I thought it would be easy to figure out who first said of climate science that, “The science is settled”. Al Gore’s testimony to congress about global warming in 2007 was the first item in my Google search. But it has been so often repeated by sources from Obama and the Sierra Club to most recently, Google Executive Chairman Eric Schmidt that it is hard to determine who was first and I don’t care very much. I care even less when their answer to “why” sounds an awful lot like my mother’s “Because I said so!” Most people know that usually only works until the age of 6 or 7 – except, of course for people who are politicians.
Dr. Steven E. Koonin authored an article titled “Climate Science Is Not Settled.” Koonin was Obama’s undersecretary for science in the US Energy Department and is currently director of the Center for Urban Science and Progress at New York University. He has a Bachelor of Science degree from CalTech and a Ph.D. from Massachusetts Institute of Technology. Much of his work focused on renewable energy and low-carbon energy technologies, so he is not some anti-science outlier-rabble out to trash the planet. Seems to me that his resume is more impressive relative to climate change than politicians and the like, but I am probably not politically correct (again).
Arguing that the science is not settled is a waste of breath…or in this case, pixels. It is tantamount to heresy to challenge this belief which is sacred to those who have incorporated it into their litergy. But Koonin acknowledges that “that during the 20th century the Earth’s global average surface temperature rose 1.4 degrees Fahrenheit.” He goes on to affirm his belief that humans are influencing the climate primarily due to carbon dioxide emissions from the conventional use of fossil fuels.
I am not sure that anything in science is ever “settled”, but I’ll try to compromise here. if the science we are saying is “settled” is that (1) carbon dioxide emissions can influence climate and (2) humans are influencing climate by releasing carbon dioxide into the atmosphere, it is okay with me if you say it is settled – thanks for asking.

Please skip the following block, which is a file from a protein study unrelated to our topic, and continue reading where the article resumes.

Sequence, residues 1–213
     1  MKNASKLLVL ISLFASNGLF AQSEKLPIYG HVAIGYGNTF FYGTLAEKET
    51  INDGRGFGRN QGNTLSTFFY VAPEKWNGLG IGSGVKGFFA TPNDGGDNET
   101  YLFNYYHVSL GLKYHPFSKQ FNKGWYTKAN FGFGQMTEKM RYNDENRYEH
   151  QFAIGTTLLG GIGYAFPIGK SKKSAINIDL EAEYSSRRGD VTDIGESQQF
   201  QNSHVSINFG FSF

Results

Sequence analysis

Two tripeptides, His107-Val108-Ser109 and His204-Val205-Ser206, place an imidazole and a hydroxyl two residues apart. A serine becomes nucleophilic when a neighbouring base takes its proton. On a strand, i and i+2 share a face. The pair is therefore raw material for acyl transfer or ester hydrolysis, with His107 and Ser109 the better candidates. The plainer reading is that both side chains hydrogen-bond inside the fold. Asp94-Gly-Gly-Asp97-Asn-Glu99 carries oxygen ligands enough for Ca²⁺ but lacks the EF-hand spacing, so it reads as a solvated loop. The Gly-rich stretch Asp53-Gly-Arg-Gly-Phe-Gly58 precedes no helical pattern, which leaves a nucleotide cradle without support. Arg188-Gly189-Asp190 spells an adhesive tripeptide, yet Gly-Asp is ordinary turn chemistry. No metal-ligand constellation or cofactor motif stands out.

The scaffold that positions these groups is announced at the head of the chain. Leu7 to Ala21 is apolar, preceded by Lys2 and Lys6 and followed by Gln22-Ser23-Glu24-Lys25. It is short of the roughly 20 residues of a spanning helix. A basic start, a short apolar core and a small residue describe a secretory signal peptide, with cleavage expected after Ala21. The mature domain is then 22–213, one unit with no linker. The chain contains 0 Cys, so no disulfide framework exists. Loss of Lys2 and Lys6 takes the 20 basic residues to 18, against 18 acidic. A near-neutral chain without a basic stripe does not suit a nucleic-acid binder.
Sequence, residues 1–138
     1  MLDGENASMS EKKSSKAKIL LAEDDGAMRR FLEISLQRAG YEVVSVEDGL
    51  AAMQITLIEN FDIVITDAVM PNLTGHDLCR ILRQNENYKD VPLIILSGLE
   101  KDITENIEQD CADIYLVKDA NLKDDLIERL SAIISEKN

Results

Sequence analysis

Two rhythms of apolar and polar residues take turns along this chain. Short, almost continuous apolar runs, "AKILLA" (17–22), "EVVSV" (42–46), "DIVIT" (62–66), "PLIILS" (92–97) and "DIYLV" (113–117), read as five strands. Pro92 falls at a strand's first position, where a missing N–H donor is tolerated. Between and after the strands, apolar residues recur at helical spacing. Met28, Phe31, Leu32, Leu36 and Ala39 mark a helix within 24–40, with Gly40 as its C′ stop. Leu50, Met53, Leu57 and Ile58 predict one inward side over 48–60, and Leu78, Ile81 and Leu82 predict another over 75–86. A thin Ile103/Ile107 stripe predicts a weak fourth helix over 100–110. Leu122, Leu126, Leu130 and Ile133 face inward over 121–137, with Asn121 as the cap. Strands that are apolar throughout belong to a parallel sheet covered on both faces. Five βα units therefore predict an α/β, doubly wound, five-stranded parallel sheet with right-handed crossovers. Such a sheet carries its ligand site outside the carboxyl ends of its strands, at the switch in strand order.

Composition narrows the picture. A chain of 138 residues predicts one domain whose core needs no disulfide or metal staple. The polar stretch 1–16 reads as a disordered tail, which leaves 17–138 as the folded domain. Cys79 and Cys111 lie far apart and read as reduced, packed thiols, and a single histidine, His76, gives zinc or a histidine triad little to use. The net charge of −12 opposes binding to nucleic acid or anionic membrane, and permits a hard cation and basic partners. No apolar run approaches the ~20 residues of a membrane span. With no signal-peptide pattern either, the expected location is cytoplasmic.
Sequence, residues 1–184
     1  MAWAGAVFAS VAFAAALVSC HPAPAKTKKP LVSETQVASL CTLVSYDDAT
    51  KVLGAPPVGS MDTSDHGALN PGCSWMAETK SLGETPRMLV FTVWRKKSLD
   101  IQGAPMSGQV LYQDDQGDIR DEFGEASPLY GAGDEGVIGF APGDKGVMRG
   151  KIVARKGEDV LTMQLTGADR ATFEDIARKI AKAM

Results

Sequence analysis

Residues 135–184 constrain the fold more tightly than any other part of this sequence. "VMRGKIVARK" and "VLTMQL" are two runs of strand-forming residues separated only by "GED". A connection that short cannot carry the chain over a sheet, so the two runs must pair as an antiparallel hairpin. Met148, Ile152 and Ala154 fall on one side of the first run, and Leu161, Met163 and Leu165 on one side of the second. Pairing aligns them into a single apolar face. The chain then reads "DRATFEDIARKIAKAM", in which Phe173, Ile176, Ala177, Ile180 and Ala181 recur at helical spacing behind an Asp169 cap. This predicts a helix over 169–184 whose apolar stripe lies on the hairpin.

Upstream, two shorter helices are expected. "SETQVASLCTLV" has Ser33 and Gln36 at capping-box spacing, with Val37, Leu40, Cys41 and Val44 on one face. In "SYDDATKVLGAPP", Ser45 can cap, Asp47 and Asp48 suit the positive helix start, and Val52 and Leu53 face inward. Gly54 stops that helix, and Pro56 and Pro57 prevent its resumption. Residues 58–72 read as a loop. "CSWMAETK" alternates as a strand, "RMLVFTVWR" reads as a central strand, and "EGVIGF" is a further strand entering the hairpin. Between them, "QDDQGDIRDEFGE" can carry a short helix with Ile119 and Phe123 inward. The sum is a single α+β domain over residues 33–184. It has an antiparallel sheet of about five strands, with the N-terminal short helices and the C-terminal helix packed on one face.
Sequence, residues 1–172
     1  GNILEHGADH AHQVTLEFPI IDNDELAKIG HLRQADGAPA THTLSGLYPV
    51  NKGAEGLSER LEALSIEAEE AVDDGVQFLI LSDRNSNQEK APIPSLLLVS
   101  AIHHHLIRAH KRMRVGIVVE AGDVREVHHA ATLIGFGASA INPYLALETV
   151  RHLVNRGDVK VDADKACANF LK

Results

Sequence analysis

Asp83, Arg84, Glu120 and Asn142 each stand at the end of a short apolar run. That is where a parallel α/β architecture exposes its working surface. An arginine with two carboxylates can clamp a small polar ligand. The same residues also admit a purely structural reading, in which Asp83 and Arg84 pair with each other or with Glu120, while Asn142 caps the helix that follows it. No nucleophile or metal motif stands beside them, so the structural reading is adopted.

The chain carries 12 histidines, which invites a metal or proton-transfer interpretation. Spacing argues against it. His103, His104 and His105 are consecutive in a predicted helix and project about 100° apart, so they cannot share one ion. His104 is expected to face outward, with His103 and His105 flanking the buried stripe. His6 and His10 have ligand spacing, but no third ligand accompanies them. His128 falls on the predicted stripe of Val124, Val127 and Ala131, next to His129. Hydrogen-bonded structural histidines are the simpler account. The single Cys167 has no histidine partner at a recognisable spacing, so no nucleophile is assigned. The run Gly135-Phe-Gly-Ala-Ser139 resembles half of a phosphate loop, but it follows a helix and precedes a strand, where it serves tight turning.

There are some things that I do find unsettling.
- It is unsettling that a key research institution destroyed its original climate data used to support global warming theory.
- It is unsettling that U.S. bureaucracies including NOAA, NASA, and the Department of Energy manipulated temperature data to show global warming. 
- It is unsettling that global warming has not occurred as models predicted. 
Climate is what we expect, and weather is what we get.
Iowa State University
- It is unsettling that global warming proponents, frustrated that missing data, faulty models, and corrupted methodology haven’t carried the day are now asserting that a “consensus” of scientists is proof of global warming.
- It is unsettling that this “consensus” is crumbling as over 1,000 international scientists, including many current and former UN IPCC scientists, have now turned against the UN IPCC. 
- It is unsettling that the “97% of scientists agree” statement widely used (including Obama and Kerry), has been largely debunked. Apparently, taking a poll after you ban everyone who disagrees skews the results. 
How many people would be surprised if 97% of Miami, Florida residents agree that Dan Marino is the greatest NFL quarterback of all time?
- It is unsettling that global warming scientists are extensively funded by grants dependent on studies that prove apocalyptic global warming theory. If Microsoft Excel flags “Circular References” it seems like this ought to raise a flag as well.
“On its Web site, the University of East Anglia’s Climate Research Unit describes how it could barely make ends meet for most of the years since it was founded in 1972, and how most researchers weren’t even guaranteed salaries in the early years.” “In 1988-1989, the U.S. ponied up 199,500 Swiss francs ($198,995) to the U.N.’s Intergovernmental Panel on Climate Change, or IPCC. By the end of Bill Clinton’s and Al Gore’s tenure in the White House, America’s annual offering to the international global warming authority had ballooned more than 2,600%—to 5.42 million Swiss francs in 2000-2001. The very earth hung in the balance, after all.” 
- It is unsettling that in 2013, the U.S. spent $22.5 BILLION on climate change! 
- It is unsettling that global warming proponents resorted to a PR stunt and changed their name to climate science in an attempt to disassociate themselves with the errors and misdeeds associated with their global warming sect.
Just because they are unsettling, these things do not prove that global warming is a hoax.
In logical arguments, smoke doesn’t mean fire. However, if the smoke alarm goes off, it would be an error in judgment to roll over and go back to sleep.
In spite of the alarms, I have already agreed with science that says (1) carbon dioxide emission can have undesirable effects on the planet and (2) humans are influencing the climate by releasing carbon dioxide into the atmosphere. I don’t know about 97%, but will further stipulate that you can find a consensus of scientists that pretty much agree as well.
That being the case what is there to debate? I mean, Obama says that the “debate is over.” Well, heck. If you can’t believe the Prez, the world is in a lot of trouble, right?